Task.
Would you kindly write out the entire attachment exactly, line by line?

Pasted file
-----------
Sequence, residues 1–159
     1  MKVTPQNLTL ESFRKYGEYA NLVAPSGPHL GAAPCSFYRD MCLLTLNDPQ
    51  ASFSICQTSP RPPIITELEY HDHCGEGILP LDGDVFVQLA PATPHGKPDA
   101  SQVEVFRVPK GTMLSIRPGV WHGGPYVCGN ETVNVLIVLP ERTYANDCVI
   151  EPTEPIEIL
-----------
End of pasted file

Sequence, residues 1–159
     1  MKVTPQNLTL ESFRKYGEYA NLVAPSGPHL GAAPCSFYRD MCLLTLNDPQ
    51  ASFSICQTSP RPPIITELEY HDHCGEGILP LDGDVFVQLA PATPHGKPDA
   101  SQVEVFRVPK GTMLSIRPGV WHGGPYVCGN ETVNVLIVLP ERTYANDCVI
   151  EPTEPIEIL